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I work a third shift job and I'm a day time dad. Due to this my sleep is sporadic at best. Most days it consists of two, two-ish hour power naps when my daughter sleeps. Saturday, Sunday and Monday are typically 'free-time' days which I usually use to play catch-up on sleep or errands.

My job keeps me relatively fit as I walk around 5-8 miles per day and consistently lift heavy objects all day, but I want to put on some muscle weight by hitting a gym for the 3 days of the week that are available to me.

I'm worried a gym membership would be a waste of money if I cant fully utilize it with my current schedule.

  • You could try body weight exercises. Try pull-ups, single handed push ups, scapular shrugs. A good resource would be "Bodyweight Strength Training Anatomy" by Bret Contreras – CuriousIndeed Jun 16 '18 at 20:06
  • You could use the time, which you can spare on gym, to get some more sleep! :-) I don't know for sure, but it seems it would improve your quality of life more than working out. – Enivid Jun 21 '18 at 18:29
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In my honest opinion you're already doing a lot of strenuous work which can cause fatigue as it is. Being a Dad obviously can't be easy work either, people generally recommend 8+ hours of sleep a day to enable recovery for your muscles to grow and since you're already doing a lot of exercise and lacking the sleep I would probably say it would not be feasible for you to go to the gym but it also depends on the person. Some people need less time to recover.

However the gym is heavily diet dependant, so if you don't have the time to create a diet plan and follow it you may also be wasting your time depending on the results you're looking to get.

At the end of the day it's completely your choice but I hope this helps

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  • I disagree. 8+ hours of sleep is too much. Sleeping for 8+ hours per night is similar to fasting and this is catabolic to muscle growth. A general recommendation is 6 to 8 hours of sleep, which, in this day and age, is quite realistic. People hardly get an 8-hour sleep daily, let alone sleeping for 8+ hours. – Zaitorious Jun 16 '18 at 13:35
  • The additional perspective most definitely helps, so thank you very much =) I've never been to a gym. I'm not fat, but I feel out of shape. My concern is whether or not there are legitimate "gains" to be had if I hit the gym for 3 consecutive days in a row with an imperfect recovery schedule for the following 4 days. – Tunafishcowboy Jun 17 '18 at 21:06
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I would try to rephrase your question as:

I have bad sleeping schedule, however I'd like to add some muscle mass, but feel like gym membership will be wasted money.

There is no way for us to know how your body will respond to training, you can only find out by trying. The fact that you "walk around 5-8 miles per day and consistently lift heavy objects" means nothing, as you have adapted to that stress. Your body will not change, if you keep doing same things.

It is also hard to judge how much sleep is enough. These medical doctors were productively training during med school and medical training. So it is possible to do weightlifting and have bad sleep schedule.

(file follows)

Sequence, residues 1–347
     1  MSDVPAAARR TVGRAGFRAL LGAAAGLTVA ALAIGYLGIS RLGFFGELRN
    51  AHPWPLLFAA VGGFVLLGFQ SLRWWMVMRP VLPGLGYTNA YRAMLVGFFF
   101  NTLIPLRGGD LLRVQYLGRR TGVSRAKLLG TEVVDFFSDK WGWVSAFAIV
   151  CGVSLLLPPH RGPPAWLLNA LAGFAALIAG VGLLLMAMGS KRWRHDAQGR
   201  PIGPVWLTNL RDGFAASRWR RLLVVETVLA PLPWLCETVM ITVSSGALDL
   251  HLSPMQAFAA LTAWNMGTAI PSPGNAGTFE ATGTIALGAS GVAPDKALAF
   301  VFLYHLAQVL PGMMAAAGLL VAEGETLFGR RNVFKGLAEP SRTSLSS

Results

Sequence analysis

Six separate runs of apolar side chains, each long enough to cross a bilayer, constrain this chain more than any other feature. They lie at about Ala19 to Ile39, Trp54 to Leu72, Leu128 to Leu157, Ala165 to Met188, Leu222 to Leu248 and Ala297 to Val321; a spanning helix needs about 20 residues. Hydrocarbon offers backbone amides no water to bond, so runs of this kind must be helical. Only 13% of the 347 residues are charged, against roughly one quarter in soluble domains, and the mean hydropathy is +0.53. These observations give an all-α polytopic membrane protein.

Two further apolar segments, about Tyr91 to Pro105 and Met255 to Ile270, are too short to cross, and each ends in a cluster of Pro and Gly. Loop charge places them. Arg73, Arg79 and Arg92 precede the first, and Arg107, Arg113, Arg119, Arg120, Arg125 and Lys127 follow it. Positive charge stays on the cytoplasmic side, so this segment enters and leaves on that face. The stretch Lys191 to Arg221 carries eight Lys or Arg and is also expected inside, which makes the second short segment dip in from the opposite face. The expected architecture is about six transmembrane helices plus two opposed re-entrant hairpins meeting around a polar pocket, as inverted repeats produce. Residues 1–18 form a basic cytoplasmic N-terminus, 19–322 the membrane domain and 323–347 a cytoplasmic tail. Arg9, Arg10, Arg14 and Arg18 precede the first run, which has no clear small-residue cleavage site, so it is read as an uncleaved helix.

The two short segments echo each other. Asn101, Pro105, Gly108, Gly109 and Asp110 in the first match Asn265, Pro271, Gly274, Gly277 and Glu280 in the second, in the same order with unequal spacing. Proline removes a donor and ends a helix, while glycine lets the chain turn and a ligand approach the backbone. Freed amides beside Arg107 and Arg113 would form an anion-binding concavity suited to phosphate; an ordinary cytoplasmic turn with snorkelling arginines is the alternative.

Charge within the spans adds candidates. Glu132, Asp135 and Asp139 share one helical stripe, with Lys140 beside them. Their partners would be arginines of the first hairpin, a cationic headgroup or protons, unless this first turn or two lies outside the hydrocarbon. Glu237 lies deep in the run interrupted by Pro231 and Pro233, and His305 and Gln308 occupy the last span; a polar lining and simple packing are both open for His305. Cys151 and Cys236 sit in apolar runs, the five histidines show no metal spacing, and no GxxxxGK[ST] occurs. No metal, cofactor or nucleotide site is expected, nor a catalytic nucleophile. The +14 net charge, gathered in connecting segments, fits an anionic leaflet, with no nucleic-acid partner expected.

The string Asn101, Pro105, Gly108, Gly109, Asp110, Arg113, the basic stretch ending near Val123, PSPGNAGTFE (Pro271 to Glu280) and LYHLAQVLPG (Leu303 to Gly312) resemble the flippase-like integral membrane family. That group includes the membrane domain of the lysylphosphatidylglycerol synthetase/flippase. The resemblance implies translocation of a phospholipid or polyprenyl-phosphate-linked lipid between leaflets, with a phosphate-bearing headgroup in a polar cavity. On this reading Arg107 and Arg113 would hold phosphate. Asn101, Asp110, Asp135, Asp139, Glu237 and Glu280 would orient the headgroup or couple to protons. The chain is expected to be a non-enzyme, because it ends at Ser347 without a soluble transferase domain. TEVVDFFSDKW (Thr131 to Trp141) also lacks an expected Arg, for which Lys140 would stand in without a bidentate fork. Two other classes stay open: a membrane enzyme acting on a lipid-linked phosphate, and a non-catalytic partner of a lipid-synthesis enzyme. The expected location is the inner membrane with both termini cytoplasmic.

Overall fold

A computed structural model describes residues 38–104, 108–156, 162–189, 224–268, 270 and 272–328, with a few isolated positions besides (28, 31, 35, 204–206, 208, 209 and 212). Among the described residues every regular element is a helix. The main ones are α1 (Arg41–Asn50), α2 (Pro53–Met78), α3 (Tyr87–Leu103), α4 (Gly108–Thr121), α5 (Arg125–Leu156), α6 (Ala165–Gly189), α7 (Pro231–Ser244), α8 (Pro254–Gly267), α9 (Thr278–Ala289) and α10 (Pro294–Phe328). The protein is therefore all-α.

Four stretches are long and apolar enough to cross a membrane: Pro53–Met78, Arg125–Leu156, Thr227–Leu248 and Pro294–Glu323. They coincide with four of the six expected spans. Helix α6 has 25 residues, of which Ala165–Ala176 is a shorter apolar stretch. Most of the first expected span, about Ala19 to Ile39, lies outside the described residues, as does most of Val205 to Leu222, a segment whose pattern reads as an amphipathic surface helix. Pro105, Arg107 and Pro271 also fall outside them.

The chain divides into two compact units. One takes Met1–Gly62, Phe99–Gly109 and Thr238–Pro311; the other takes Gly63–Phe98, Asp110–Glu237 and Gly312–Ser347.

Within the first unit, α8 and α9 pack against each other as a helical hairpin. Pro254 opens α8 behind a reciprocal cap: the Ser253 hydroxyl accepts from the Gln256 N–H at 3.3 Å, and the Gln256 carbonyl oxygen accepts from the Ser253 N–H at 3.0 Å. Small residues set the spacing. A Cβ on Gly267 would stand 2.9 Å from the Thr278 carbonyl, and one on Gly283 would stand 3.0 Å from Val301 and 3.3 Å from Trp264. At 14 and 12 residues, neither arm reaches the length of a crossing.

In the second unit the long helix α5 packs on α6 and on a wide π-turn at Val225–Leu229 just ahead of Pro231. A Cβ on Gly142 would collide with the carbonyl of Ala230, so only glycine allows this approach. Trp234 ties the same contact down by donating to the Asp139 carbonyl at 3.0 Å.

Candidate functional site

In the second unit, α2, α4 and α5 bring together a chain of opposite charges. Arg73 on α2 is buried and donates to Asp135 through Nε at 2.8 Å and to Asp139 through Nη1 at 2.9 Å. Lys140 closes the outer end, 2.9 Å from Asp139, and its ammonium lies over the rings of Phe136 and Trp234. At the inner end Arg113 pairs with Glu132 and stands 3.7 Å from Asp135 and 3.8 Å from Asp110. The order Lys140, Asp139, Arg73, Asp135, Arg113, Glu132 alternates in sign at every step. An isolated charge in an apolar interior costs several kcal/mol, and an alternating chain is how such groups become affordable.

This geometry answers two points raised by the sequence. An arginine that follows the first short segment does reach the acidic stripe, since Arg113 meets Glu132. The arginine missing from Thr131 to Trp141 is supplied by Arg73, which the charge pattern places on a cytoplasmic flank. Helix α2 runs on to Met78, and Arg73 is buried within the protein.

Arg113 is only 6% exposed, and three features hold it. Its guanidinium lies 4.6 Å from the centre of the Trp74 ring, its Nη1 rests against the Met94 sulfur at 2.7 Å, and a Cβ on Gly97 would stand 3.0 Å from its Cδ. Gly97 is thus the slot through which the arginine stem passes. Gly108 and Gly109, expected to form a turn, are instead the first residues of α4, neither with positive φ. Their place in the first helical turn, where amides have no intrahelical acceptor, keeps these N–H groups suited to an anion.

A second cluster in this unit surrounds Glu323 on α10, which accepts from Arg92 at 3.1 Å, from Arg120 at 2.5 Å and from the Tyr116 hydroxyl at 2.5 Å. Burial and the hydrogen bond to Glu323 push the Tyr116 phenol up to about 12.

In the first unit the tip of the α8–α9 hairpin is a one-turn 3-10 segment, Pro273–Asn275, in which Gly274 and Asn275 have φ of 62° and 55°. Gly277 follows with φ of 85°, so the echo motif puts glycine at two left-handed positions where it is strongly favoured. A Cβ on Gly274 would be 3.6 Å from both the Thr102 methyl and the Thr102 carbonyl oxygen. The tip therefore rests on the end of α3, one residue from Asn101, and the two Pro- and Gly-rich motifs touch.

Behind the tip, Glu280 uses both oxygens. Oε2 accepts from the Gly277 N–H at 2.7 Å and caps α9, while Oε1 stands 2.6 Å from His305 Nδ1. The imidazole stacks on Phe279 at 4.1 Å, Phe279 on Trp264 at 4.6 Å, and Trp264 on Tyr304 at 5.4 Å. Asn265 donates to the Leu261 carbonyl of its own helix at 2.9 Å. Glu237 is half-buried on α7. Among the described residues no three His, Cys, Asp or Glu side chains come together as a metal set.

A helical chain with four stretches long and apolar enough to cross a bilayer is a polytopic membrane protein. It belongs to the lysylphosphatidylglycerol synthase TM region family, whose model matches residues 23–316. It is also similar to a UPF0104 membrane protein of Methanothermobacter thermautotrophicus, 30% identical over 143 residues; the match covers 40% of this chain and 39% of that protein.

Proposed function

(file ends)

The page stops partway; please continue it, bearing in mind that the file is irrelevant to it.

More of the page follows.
You need more stress to add muscle. That can be done via body-weight training, however heavy, compound exercises with barbells will be more efficient (results per time spent). It is hard to do that outside of commercial gyms. You might have luck finding some friends with home gym, you'll have to ask around.

I would suggest you think about training as getting biggest bang for the buck. And "buck" in that case is your time rather than money. Try getting a 3-month gym membership, pick some simple novice program (Starting Strength or even 5x5) and try sticking to it. Remember to eat above maintenance calories with 1g of protein/lbs of weight, track your weight and waist (if you want to lose/gain weight), see if that's for you.

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  • I appreciate the feedback. My sleep schedule leaves a lot to be desired. I work full time from 10pm until 7am, Sunday - Tuesday, and then Thursday-Friday. When I get home, my significant other is leaving for work and my toddler is waking up. Between the time I get home and the time I leave for work I get about 2 power naps in. One at around noon - 3, and another from 6 until 9. The numbers aren't static.Some days I get 5 hours of nap time, and others maybe 2. Saturday through Monday my SO is off of work so it's free time for the most part. – Tunafishcowboy Jun 17 '18 at 21:05
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As @CuriousIndeed mentioned, bodyweight exercises might be what you're looking for. Sleep is extremely important and I would recommend you get those power naps in. Spend those free time periods napping. Make sure your diet is on point and start incorporating those body weight routines while taking care of your daughter. She's lying in the crib, pop out a couple sets of push ups or burpees. Get a pull up bar on the door and do a couple of those. Crunches, hand stand raises, pistol squats, supermans etc.

All of these things you can do while looking after your daughter along with keeping a good diet. It's a perspective thing with your current active job and an infant to take care of, you have to make sacrifices but that doesn't mean you have to give up building muscle entirely.

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